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Tom Barrack, Trump's Longtime Friend, Comes Under More Scrutiny


President Trump's longtime friend Tom Barrack has been getting a lot of attention lately, lots of it negative. Barrack was the chairman of Trump's Inaugural Committee, which is now under scrutiny by federal prosecutors. He was criticized for comments he made this month on the killing of Saudi journalist Jamal Khashoggi. And this week, Barack's name came up in a report from the House Oversight Committee about a possibly illegal effort to transfer nuclear technology to the Middle East. NPR's Scott Horsley reports.

SCOTT HORSLEY, BYLINE: Tom Barrack was a lot less famous in the summer of 2016 when he introduced himself to the country at the Republican National Convention.


TOM BARRACK: I'm the son of a very humble Lebanese grocer from Culver City, Calif. Where's California?


HORSLEY: Now a wealthy real estate investor, Barrack recalled how in the 1980s he negotiated the sale of New York's Plaza Hotel to a guy named Donald Trump.


BARRACK: I was a young pup. He was a big guy in New York at the time. He played me like a Steinway piano.

HORSLEY: Actually, Trump overpaid, and he lost the hotel within a few years. But he found in Barrack a companion who shared his taste for real estate, younger women and a celebrity lifestyle. As a young man, Barrack had worked in Saudi Arabia, and former State Department adviser Aaron David Miller says Barrack cultivated a network of contacts throughout the Middle East.

AARON DAVID MILLER: Smart guy, grew up speaking Arabic, did extremely well for himself in the business world but particularly in the Gulf.

HORSLEY: Some of Barrack's Arab business associates were alarmed during the campaign by Trump's anti-Muslim rhetoric. But Barrack reassured them, and he set about making introductions in the region - first to Trump's son-in-law, Jared Kushner, and later to the president himself.

MILLER: Barrack emerged because precisely of his decade-old ties with the Saudis and the Emirates as the bridge that created these relationships.

HORSLEY: Trump's first foreign trip as president was to Saudi Arabia, and he's made strong ties to the kingdom a cornerstone of his Middle East policy. Miller, who is now at the Wilson Center, questions the wisdom of that as the Saudi crown prince has pursued an authoritarian crackdown at home and a devastating war in neighboring Yemen.

MILLER: Over the last 18 months, we've accomplished very little, and we've allowed ourselves to be tethered to a country and an individual that is left a wake of disasters.

HORSLEY: U.S. intelligence agencies have also implicated Crown Prince Mohammed bin Salman in the murder last October of journalist Jamal Khashoggi. Speaking at a conference in Abu Dhabi earlier this month, Barrack appeared to defend the Saudi leader.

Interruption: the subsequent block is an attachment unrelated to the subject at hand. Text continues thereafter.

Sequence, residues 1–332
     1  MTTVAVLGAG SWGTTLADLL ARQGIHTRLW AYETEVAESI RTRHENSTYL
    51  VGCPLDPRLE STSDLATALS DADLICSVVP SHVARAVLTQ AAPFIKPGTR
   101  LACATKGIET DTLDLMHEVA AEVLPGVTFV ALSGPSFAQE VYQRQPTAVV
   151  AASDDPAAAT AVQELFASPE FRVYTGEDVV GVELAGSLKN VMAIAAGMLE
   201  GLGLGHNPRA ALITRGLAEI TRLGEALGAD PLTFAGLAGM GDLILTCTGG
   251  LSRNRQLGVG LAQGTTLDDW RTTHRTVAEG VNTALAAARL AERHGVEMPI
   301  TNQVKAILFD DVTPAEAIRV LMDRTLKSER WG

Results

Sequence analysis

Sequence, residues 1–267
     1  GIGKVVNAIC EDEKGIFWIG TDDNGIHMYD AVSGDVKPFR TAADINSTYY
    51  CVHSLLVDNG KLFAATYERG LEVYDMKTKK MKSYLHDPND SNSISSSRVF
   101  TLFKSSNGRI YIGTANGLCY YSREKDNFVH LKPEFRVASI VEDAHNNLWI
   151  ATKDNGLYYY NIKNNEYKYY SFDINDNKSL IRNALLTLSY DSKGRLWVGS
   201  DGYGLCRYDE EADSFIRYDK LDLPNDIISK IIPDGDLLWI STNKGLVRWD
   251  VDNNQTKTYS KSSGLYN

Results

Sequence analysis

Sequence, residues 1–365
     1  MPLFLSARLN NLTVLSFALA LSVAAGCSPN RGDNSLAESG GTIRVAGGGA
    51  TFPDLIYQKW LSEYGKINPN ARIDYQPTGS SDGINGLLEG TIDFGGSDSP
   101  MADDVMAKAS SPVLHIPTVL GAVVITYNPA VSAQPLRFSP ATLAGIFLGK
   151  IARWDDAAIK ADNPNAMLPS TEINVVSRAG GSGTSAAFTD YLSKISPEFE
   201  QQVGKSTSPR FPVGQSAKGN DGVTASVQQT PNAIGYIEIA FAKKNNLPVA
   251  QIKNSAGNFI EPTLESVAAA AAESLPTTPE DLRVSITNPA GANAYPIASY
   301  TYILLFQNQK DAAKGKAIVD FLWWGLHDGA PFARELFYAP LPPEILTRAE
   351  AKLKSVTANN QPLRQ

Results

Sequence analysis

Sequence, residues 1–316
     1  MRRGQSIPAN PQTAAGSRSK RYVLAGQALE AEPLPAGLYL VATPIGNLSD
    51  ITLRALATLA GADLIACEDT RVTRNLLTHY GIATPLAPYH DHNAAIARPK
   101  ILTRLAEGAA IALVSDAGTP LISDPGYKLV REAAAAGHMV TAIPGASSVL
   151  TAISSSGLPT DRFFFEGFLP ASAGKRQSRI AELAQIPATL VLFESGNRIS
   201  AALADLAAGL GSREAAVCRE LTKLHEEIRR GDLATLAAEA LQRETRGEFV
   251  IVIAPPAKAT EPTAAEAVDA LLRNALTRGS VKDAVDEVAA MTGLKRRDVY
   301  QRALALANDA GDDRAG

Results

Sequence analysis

BARRACK: Whatever happened in Saudi Arabia, the atrocities in America are equal or worse to the atrocities in Saudi Arabia.

HORSLEY: After an uproar, Barrack apologized, but he continues to minimize the role of the Saudi government in Khashoggi's death. And that's not the only spotlight where Barrack's been burned.


UNIDENTIFIED PERSON #1: New York authorities have issued a major subpoena. They're demanding documents about the president's inaugural committee...


UNIDENTIFIED PERSON #2: Received a subpoena for documents from the Manhattan U.S. attorney's office...


UNIDENTIFIED PERSON #3: Seeking documents from Donald Trump's Inaugural Committee.

BARRACK: The committee behind Trump's inauguration raised a record $107 million. Federal prosecutors reportedly are now probing where all that money went, where it came from and whether any was raised illegally from foreign sources. A spokesman says Barrack does not believe he's a target of that probe. Around the time those subpoenas went out this month, ProPublica and WNYC published a memo from Barrack's investment firm drafted shortly after the inauguration showing how the firm might capitalize on its close ties to the new administration. Austin Evers of the watchdog group American Oversight says Barrack and colleagues were soon showing up in private meetings with top Cabinet officials.

AUSTIN EVERS: We're seeing him everywhere, getting the kind of access that, well, frankly, people would pay a lot to get.

HORSLEY: Evers notes yesterday, the House Oversight Committee listed Barrack as a key supporter of a plan to supply nuclear technology to Saudi Arabia despite warnings from whistleblowers that it might help the kingdom develop nuclear weapons.

EVERS: This is a five-alarm fire when it comes to ethics and potential improper influence on our national security.

HORSLEY: Barrack said through a spokesman he's ready to cooperate with the Oversight Committee. The spokesman pointed to Barrack's four decades of, quote, "respected relationships" in the Middle East. He also stressed Barrack has never held an official position inside the Trump administration. Scott Horsley, NPR News, Washington.

(SOUNDBITE OF GARAGE A TROIS' "OUTRE MER") Transcript provided by NPR, Copyright NPR.

Scott Horsley is NPR's Chief Economics Correspondent. He reports on ups and downs in the national economy as well as fault lines between booming and busting communities.